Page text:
Setting an Example in Daily Bible Reading
16. Why is daily family Bible reading recommended?
16 One of the most valuable customs that any family can establish—a custom that will benefit the parents and be an example for the children to imitate—is the regular reading of the Bible. If at all possible, do some Bible reading every day. It is not the quantity read that is most important. Far more significant is the regularity and the manner in which it is done. For children, Bible reading might be supplemented by listening to audiocassettes of My Book of Bible Stories if they are available in your language. Reading from God’s Word every day helps us to keep God’s thoughts to the fore. And if such Bible reading is done not only by individuals but by families, this can help entire households to walk in Jehovah’s ways. It is this practice that was encouraged at the recent “God’s Way of Life” Conventions in the drama Families—Make Daily Bible Reading Your Way of Life!—Psalm 1:1-3.
17. How do family Bible reading and memorizing of key scriptures help in applying the counsel at Ephesians 6:4?
17 Bible reading as a family is in harmony with what the apostle Paul wrote in his inspired letter to Christians in Ephesus, namely: “Fathers, do not be irritating your children, but go on bringing them up in the discipline and mental-regulating of Jehovah.” (Ephesians 6:4) What does that mean? “Mental-regulating” literally means “putting mind in”; so Christian fathers are being urged to put the mind of Jehovah God in their children—to help the children get to know God’s thoughts. Encouraging the children to memorize key scriptures can help to achieve this. The objective is to have Jehovah’s thoughts guide the thinking of the children so that their desires and conduct progressively come to reflect godly standards whether the parents are with the children or not. The Bible is the foundation for such thinking.—Deuteronomy 6:6, 7.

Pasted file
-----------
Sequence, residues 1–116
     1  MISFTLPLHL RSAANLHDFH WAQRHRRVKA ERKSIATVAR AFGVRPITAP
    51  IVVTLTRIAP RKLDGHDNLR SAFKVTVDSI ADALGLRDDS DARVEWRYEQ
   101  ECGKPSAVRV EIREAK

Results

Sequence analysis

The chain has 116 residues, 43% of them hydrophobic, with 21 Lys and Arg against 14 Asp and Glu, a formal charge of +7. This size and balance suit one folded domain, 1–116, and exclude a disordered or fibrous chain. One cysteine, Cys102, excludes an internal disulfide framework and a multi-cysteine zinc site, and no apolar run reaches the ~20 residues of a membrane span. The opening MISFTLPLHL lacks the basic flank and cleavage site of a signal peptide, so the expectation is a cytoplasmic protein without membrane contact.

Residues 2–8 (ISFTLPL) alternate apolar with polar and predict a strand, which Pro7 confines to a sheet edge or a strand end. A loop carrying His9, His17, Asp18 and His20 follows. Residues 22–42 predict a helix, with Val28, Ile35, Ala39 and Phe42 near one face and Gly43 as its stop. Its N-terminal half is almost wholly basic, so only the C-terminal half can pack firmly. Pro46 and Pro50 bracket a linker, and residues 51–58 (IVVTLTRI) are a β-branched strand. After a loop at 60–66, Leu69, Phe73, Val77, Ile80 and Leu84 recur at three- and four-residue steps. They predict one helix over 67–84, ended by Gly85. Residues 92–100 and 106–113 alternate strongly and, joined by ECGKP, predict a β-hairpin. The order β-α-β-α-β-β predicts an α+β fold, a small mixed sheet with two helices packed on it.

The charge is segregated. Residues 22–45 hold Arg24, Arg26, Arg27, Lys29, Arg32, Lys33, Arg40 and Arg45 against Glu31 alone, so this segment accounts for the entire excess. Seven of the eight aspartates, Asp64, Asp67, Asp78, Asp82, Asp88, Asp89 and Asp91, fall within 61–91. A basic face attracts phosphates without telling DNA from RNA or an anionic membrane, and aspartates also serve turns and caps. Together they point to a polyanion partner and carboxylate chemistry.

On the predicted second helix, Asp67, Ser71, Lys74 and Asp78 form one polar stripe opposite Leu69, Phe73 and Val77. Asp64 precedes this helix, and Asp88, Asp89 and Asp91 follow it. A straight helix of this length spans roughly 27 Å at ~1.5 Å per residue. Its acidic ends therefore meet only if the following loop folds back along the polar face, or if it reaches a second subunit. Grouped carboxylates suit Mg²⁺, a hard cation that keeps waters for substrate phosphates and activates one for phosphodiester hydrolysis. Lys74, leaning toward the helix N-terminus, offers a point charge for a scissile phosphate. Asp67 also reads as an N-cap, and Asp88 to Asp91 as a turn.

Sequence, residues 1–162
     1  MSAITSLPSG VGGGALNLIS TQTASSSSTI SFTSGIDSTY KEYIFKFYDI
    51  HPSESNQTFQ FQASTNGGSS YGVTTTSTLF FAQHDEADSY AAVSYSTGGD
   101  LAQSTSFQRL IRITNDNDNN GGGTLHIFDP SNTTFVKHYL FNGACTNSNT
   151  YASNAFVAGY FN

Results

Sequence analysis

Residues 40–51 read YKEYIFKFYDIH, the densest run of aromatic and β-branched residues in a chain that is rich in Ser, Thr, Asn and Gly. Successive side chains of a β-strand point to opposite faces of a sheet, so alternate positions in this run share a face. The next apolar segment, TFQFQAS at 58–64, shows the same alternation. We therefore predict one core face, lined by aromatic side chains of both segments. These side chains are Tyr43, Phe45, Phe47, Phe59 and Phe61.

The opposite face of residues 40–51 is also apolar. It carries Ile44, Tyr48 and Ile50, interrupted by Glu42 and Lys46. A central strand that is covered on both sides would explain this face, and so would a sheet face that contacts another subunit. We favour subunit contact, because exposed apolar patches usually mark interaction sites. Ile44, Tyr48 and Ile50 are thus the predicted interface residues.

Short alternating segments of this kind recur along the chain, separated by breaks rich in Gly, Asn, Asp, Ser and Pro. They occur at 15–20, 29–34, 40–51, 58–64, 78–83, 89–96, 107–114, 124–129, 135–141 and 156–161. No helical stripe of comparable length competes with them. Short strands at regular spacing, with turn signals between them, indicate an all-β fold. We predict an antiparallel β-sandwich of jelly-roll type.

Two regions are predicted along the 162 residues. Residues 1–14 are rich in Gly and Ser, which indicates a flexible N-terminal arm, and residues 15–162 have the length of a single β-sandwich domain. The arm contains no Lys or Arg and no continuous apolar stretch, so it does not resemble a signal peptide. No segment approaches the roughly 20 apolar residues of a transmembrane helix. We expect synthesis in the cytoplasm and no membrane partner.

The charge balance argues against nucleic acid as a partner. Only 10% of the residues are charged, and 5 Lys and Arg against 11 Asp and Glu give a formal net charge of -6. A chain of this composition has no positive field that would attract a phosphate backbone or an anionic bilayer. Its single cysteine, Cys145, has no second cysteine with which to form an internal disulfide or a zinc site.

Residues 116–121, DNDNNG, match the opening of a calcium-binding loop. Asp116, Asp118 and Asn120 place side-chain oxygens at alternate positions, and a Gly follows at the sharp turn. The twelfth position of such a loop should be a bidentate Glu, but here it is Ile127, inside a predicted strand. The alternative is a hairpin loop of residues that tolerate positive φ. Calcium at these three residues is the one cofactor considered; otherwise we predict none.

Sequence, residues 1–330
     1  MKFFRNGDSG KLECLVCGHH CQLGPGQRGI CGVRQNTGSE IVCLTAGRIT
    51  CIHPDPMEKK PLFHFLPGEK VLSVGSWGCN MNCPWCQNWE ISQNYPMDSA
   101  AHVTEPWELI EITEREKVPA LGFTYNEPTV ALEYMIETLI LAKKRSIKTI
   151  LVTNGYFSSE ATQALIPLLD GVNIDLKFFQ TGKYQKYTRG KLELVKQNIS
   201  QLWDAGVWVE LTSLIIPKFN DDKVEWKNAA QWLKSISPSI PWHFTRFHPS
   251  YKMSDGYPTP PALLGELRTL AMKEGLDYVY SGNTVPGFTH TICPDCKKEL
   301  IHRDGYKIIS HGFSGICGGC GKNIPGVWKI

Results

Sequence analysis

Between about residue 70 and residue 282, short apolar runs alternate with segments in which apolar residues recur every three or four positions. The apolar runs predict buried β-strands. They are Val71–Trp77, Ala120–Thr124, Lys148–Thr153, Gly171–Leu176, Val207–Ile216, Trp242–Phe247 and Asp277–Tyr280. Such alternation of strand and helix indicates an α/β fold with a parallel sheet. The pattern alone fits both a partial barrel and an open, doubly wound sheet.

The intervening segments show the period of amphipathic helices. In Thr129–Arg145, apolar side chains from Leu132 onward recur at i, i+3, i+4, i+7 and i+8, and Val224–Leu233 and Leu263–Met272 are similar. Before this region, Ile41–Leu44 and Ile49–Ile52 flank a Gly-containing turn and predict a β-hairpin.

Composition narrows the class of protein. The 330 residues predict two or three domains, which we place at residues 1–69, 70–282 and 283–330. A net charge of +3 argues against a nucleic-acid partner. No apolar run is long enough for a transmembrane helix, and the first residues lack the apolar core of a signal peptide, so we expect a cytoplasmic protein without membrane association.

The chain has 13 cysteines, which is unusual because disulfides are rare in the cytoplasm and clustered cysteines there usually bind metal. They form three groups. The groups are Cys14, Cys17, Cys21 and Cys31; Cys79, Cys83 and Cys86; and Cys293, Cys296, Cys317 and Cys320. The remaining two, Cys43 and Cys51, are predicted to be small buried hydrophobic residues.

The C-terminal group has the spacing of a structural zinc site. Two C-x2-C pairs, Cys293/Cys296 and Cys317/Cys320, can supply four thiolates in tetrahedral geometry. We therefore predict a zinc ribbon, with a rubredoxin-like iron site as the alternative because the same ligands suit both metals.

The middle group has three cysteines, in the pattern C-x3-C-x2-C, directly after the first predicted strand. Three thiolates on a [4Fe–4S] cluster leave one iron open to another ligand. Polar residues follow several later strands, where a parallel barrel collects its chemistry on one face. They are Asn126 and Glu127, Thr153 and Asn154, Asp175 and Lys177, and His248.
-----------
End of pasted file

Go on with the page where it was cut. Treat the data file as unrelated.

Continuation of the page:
18. When reading the Bible, what may be needed in order to (a) understand it clearly? (b) benefit from the counsel it contains? (c) respond to what it reveals about Jehovah’s purpose? (d) benefit from what it says about the attitudes and actions of people?
18 Of course, if the Bible is going to affect our lives, we need to understand what it says. For many, this may require reading portions more than once. To get the full force of certain expressions, we may need to look up words in a dictionary or in Insight on the Scriptures. If the scripture contains counsel or a commandment, take time to talk about situations in our day that make it appropriate. Then you might ask, ‘How can applying this counsel benefit us?’ (Isaiah 48:17, 18) If the scripture is telling about some aspect of Jehovah’s purpose, ask, ‘How are our lives affected by this?’ Perhaps you are reading an account that tells about the attitudes and actions of people. What pressures in life were they experiencing? How did they deal with these? How can we benefit from their example? Always allow time to discuss what the account means in our lives today.—Romans 15:4; 1 Corinthians 10:11.
19. By being imitators of God, what will we be providing for our children?
19 What a fine way to get God’s thoughts impressed on our minds and hearts! Thus we will truly be helped to become “imitators of God, as beloved children.” (Ephesians 5:1) And we will provide an example that is truly deserving of imitation by our children.
Do You Remember?
□ How can parents benefit from Jehovah’s example?
□ Why must verbal instruction of children be coupled with good parental example?
□ What are some lessons that are best taught by parental example?
□ How can we benefit fully from family Bible reading?
[Pictures on page 10]
Many enjoy daily Bible reading as a family